(Video) The Tree of 40 Fruits – Harmless Hybrid or Frankenstein Fruit?

Cap’N Dave sent over this video of a truly unique project from Sam Van Aken at Syracuse University. Sam is an artist with a passion – a passion for stone fruit. By day, he’s an Associate Professor of Sculpture. But his latest sculpture is more at home in the fruit orchard than in the art gallery.

Sam has a strong interest in grafting, and his “Tree of 40 Fruits” shows it. Onto each tree, he grafts buds from 40 different varieties of stone fruit, including peaches, plums, apricots, nectarines, cherries, and almonds. He focuses on native and antique varieties of stone fruit, and he says that the project is, in part, about preserving heirloom varieties that are not used commercially. The process to create one tree takes 8 to 9 years.

The spring bloom on these trees must be truly amazing, with all shades of white, pink, and peach blooming in sequence. And the summer harvest must feel like a gift that just keeps on giving, as each ripening variety is followed by another – 40 times over.

But, as a naturally skeptic soul, I can’t help but wonder if this really a good idea… I assume that the pollination rates are staggeringly high, since each bloom has blooms from up to 39 other stone fruit varieties only a few feet away. But, if one wanted to plant the seeds from any of the fruits, this is obviously a cross-pollination nightmare, and there’s no telling what kinds of bizarre hybrids would result.

So, what do you think? Is the “Tree of 40 Fruits” an innovative improvement, or a horrible mistake worthy of Dr. Frankenstein’s lab? Watch the video, and use the comments section below to let us know what you think.



Thanks to Cap’N Dave for sending this our way! You can see Sam Van Aken’s personal webpage here: www.samvanaken.com.

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Michael Ford


Contributor

Michael has been the resident editor at The [Grow] Network since January 2015. Michael grew up in St. Louis, where he became a lover of nature - hiking and fishing his way through the Ozark hills in Missouri. He attended Baylor University in Waco, TX, and he currently lives in Austin. Michael has background experience in small-scale farming, commercial growing, vegetable gardening, landscaping, marketing, and software development. He received his Permaculture Design Certification from the Austin Permaculture Guild in 2013.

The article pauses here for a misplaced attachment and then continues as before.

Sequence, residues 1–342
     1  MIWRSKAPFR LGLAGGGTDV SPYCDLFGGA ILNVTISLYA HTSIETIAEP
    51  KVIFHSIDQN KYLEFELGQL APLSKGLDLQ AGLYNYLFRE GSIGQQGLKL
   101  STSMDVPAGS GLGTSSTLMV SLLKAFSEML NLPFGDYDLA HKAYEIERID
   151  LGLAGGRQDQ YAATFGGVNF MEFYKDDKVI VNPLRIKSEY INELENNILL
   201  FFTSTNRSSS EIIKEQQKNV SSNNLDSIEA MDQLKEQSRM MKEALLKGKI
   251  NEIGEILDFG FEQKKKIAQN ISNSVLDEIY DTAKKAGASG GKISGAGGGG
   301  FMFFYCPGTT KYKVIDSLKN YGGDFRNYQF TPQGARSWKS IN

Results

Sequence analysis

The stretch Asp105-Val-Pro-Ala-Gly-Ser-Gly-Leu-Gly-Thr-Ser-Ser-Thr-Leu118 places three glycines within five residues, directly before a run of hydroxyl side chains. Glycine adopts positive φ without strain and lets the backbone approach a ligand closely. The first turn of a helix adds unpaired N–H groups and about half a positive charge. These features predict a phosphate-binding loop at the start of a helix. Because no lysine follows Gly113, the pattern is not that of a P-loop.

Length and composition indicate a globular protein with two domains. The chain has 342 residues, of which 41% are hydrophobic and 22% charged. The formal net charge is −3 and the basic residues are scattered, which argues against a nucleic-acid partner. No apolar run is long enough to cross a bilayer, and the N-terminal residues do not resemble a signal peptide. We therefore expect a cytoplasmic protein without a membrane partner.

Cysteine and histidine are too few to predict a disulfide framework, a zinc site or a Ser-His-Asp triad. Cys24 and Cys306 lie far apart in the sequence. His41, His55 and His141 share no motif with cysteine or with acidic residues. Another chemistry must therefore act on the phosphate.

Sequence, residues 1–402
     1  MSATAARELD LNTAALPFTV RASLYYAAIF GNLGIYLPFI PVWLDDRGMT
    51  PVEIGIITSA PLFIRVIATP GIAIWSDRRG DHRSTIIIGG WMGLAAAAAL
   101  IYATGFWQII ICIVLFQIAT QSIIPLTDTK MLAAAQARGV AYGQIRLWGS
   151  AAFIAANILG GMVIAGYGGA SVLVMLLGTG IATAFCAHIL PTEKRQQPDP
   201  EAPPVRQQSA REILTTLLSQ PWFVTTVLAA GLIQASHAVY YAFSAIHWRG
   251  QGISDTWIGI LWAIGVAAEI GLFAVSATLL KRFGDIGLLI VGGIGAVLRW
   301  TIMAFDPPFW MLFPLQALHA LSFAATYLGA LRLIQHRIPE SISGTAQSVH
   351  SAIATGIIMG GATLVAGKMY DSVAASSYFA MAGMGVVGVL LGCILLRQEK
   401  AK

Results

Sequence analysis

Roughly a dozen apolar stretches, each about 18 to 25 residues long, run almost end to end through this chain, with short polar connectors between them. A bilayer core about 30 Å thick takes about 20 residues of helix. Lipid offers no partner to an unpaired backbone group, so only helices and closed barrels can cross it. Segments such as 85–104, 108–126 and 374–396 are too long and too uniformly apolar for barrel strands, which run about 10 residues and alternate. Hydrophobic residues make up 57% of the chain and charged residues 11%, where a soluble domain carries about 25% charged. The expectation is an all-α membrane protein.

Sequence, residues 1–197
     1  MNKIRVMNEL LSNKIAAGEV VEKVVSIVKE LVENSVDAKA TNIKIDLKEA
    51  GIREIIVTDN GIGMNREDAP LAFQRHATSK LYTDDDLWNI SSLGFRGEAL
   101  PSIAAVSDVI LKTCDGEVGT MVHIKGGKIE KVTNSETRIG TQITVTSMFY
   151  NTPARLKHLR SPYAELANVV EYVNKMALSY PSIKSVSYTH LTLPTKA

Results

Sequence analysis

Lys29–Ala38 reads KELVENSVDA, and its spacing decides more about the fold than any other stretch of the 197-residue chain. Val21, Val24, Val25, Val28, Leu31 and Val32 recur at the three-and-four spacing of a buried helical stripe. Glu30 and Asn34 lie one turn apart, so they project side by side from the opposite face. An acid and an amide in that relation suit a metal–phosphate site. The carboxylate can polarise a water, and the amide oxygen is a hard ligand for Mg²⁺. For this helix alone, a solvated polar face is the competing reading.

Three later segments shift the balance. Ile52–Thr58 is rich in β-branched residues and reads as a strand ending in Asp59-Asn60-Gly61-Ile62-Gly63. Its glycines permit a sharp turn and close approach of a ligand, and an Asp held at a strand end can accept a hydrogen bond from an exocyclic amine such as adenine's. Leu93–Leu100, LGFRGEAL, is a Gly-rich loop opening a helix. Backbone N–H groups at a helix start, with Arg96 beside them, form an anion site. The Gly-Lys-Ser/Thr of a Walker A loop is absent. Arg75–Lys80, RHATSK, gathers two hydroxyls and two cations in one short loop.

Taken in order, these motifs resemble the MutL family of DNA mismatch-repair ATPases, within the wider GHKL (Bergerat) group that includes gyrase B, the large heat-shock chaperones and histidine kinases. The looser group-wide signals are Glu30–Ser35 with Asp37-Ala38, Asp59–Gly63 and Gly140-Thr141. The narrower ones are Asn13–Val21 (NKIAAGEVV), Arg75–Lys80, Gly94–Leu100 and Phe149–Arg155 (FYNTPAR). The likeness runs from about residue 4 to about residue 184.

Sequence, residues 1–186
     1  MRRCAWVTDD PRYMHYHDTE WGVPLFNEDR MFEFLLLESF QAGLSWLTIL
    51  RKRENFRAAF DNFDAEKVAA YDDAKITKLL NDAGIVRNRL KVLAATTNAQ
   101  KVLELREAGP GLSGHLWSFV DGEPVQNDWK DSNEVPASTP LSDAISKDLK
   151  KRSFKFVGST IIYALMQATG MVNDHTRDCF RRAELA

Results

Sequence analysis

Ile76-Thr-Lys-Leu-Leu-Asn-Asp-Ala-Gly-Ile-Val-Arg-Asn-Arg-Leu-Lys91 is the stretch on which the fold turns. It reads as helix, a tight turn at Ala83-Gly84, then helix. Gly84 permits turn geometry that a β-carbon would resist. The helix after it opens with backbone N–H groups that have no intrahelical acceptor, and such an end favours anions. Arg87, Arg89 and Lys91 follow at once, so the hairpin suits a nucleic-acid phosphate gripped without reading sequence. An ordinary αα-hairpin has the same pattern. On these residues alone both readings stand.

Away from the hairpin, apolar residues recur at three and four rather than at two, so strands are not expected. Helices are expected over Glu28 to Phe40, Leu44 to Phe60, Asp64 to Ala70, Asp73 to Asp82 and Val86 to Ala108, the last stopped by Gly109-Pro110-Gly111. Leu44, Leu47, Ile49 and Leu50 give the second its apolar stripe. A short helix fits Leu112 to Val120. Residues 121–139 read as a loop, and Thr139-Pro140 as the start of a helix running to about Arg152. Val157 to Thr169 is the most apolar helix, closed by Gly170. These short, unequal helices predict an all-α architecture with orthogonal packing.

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17 Comments
  • Belinda

    Wow – what an endeavor! That’s amazing.

  • GB

    A 5 fruit tree would be great already, since I have very little space!

  • Holly

    If Gaia had wanted 40 fruits on one tree, don’t you think she would have provided such? Playing with mother nature again… genetically. Nope sorry, let’s get back to basics.

  • Deb

    I totally disagree with 1 tree carrying 40 fruits! Will be lots of wasted fruit, for one reason. Puts too much on just one tree. Maybe 8-10 on 4 or 5 different trees. I think that would be better. Plus, on a tree of 40 – what if 20 of those you did not even like or care about? More different trees with less fruits. Why don’t you try that? It would be a lot easier, also!

  • p

    Not frankenfruit, because it’s not genetically engineered or modified. And all the named stone fruit are in the Prunus genus, so no bizarre crosses – no kiwi or watermelon in the mix. Sam didn’t mention what the base tree was; most single-fruit trees are grafted to a base happier in the local soil, so I’d guess that’s true for his art trees. I hope his sketches of the trees are on his website soon!

  • Bonnie

    I think it’s an amazng work of living art! I would love to have one. He makes grafting look so easy. I would love to learn to do it. We have a couple of wild orange trees that we’ve had a couple of people try grafting other citrus onto, but no one has succeeded yet. No harm can come from it. Grafting does not change the DNA, unlike genetic engineering.